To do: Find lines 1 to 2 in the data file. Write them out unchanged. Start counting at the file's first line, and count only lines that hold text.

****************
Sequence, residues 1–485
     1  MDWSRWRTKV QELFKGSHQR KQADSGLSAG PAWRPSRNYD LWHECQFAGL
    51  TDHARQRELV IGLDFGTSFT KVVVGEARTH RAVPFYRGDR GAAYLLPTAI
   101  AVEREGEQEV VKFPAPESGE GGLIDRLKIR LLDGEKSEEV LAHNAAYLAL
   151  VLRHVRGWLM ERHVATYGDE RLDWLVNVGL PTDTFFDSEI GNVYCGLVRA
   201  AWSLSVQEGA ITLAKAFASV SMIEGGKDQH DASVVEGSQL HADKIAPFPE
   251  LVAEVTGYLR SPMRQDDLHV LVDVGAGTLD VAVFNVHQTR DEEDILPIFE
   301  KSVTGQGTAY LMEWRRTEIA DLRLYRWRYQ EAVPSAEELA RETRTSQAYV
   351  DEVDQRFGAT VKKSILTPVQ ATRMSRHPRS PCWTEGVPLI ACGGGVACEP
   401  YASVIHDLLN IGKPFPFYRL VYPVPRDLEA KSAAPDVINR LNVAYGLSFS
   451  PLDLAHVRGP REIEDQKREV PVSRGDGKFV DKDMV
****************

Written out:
Sequence, residues 1–485
     1  MDWSRWRTKV QELFKGSHQR KQADSGLSAG PAWRPSRNYD LWHECQFAGL